It was a great downtown day, capped with seeing the traveling roadshow of the Broadway production of "Motown, the Musical." Meanwhile back at the studio I spent a frenzied week of finishing and submitting work, followed by a week of finally getting to some clothing projects I've had on hold.

Last winter I bought a pattern for a summer dress, to use a length of pretty purple linen I've been sitting on, awaiting the right thing, for awhile.

I think it will be cool and nice for a hot day—barely touches the body!

Then I tackled a repurposing of a favorite shirt that got a bleach spot. (Don't you hate that?). I dug around in my stash and came up with a couple fabrics to add to the shirt after cutting off the ruined section. I also cut off the cuffs and added a new look to the sleeves. I wore it to my STASH meeting for their opinions on the result and was assured it it wasn't dumb and no, it doesn't look like a beautician's smock. I lose perspective on some of my clothing choices and feel very insecure. I count on my friends to not let me look stupid.

So, summer is here. I put in a long day in the studio today, before the summer activity begins! Travel, grandchildren, friends and days outdoors beckon.


Saturday, June 11, 2016

Rainy Day Entertainment


It was an on again, off again rain day today—sun, rain, clouds, big rain, more sun, little rain, repeat. All this left Ray frustrated in his yard work effort so he suggested we check out some estate sales. I was ready for a little break too, so after consulting Craig's List, we headed west through the countryside toward the little town of Cornelius, where we found the earthly possessions of probably a pretty serious hoarder of stuff, spread out over a large property in tents and under canopies and piled along the fences and in the trees. Tools. The guy had hundreds of old, rusty tools. This is only the beginning of the tools.


Did I need these? Oh sure, I did. The tin snips probably aren't proper scissors, but they looked just right to me. (Unlike the other 8 or 10 pairs of tin snips). Ray found a couple of good tape measures— one for himself and one for grandson Marco, who is fascinated with measuring things. I felt a little guilty about such small purchases. It's going to take another thousand customers like us to make a dent in that mess of stuff.

It was lunch time, so we drove into Hillsboro to Ochoas, which tastes and looks and feels and sounds just like being in Mexico.

I always get the same thing—posole. It is a big serving and incredibly delicious. I've never been able to finish an entire bowl.

We moved on, further west to a pretty farm near Forest Grove.


In contrast to the other sale, this one was tidy and domestic in nature and clearly mostly the belongings of an industrious, home-loving woman. Lots of dishes and books, fabric and yarn, all carefully kept in ziplock bags. Sewing supplies stored in baskets and a knitting machine with full documentation.

I was charmed by the old Maytag wringer washer, but little else, in spite of obvious similar interests. In the end I brought home a bag containing yarn and a half-knitted sweater. It is yarn I would have chosen myself— soft, nubby cotton in my favorite soft aqua color. It saddens me that she never finished her sweater. Perhaps I will knit a soft shawl or wrap from the yarn. I can imagine that. Ray, who used to enjoy playing cribbage with his mom, came away with a well-used cribbage board. A pretty good day. The rain was over and done by the time we got home.

I wonder what the "stuff" I leave behind when I'm gone will say about me. There is something uncomfortably intimate about estate sales, especially seeing strangers pawing through the linens and contents of bathroom cabinets, and yet I feel something about the connectedness of people when their things move on to new lives with new people—and a small hope that someday the things I now use and love, will do the same.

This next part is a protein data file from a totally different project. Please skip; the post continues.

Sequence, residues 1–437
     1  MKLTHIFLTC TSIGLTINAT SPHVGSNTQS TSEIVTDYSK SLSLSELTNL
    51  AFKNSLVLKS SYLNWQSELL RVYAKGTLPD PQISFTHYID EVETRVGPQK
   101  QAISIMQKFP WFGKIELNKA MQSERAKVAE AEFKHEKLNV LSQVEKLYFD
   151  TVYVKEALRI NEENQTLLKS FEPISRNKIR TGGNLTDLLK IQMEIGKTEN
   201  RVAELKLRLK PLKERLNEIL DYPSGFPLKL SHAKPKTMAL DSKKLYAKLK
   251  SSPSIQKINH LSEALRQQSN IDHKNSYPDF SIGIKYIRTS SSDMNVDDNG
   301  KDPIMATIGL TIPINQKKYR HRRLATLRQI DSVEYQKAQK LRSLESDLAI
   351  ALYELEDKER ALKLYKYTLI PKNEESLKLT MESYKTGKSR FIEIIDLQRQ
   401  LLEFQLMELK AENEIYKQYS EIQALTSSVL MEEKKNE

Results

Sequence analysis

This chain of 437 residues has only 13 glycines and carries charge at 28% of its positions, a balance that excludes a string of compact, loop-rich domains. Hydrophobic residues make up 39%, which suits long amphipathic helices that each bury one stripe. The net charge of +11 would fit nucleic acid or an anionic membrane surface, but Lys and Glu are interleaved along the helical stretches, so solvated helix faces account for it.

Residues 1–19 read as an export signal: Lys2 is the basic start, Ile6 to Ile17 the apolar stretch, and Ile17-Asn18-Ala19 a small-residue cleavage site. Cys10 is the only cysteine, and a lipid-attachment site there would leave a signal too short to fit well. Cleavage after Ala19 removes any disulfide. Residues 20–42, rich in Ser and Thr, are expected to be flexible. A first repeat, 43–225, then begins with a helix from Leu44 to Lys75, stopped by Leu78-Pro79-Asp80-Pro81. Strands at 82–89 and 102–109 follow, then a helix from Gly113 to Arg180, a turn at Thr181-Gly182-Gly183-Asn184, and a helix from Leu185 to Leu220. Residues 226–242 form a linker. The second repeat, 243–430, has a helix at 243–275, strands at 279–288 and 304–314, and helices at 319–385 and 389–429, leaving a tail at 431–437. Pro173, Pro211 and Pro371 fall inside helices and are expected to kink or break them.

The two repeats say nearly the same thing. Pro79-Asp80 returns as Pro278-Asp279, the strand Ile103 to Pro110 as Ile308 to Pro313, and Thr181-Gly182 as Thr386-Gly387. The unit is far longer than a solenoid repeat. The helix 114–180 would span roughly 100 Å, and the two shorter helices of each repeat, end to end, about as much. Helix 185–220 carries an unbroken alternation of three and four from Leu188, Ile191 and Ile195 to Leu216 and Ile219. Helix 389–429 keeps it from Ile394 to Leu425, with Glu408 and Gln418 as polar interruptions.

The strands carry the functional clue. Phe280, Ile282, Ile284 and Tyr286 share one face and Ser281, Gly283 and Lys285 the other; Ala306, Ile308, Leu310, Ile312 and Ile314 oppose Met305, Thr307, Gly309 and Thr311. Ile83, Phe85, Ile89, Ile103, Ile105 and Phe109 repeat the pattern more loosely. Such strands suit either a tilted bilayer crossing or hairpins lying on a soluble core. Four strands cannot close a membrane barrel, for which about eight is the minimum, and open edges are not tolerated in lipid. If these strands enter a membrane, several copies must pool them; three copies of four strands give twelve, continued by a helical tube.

Anyone want first dibs on my scissor collection??


Tuesday, June 07, 2016

June arrived in a heatwave

Last week we took a short trip to Southern Oregon for the opening of "Concrete and Grasslands" at the Grants Pass Museum of Art. It is the newest exhibit from SAQA (Studio Art Quilts Associares) and includes SAQA artists from around the world. I was lucky enough to have a piece juried into the show. We took the opportunity to spend a couple days in Medford, with our dear friend, Muriel, and spent a day in Ashland, our old hometown, including a play at the Oregon Shakespeare Festival, where I once worked.

Photo from The Oregon Shakespeare Festival

The play was The River Bride and it was beautifully designed and very charming. We loved it.

The day we drove to Grants Pass was a sweltering 100 degrees for the opening. The show was beautiful, well-attended and a real high for me, but OH! the heat was overwhelming.

That's my piece, Camas Prairie Idaho, on the brick wall. Above, a favorite by K.Velis Turan.

The Grants Pass Museum is in a wonderful old downtown building and the show is worth seeing if you are in the area.

Home now, it has been so unusually hot that it's hard to be motivated, but I have deadlines and work to get ready for shows. I will have some small pieces in a gallery in Sisters, Oregon next month, and one of the other artists offered to deliver my work with hers, so I spent today doing little finishing touches. All the pieces are either framed or mounted on stretched canvas panels, so they needed hanging wires. Picture wire always has such vicious, poke-y bits, but I discovered a trick for dealing with the problem. There is a product made for electrical work that is plastic tubing that will seal up the sharp ends of twisted wire.

I cut a short piece and threaded the wire through it before twisting onto the screw eyes on the back of one of my little pieces.

Then, when the wire was completely attached, I slid the little tube to cover the raw ends.

The final step is to heat the tubing with a heat gun and it will shrink tight around the wire. No sharp bits!

Here's a larger piece with a twist on each side. I slip a little scrap of cardboard under the wire when I'm using the heat gun so I don't scorch the back of my work.

I also neatened backs with taped edges, added labels and wrapped each piece for delivery. Fiddly stuff that must be done. At the end of the day it was packed and ready to go. It all fit perfectly into this Eddie Bauer tote!

It is supposed to be cooler tomorrow. More like Oregon is supposed to be.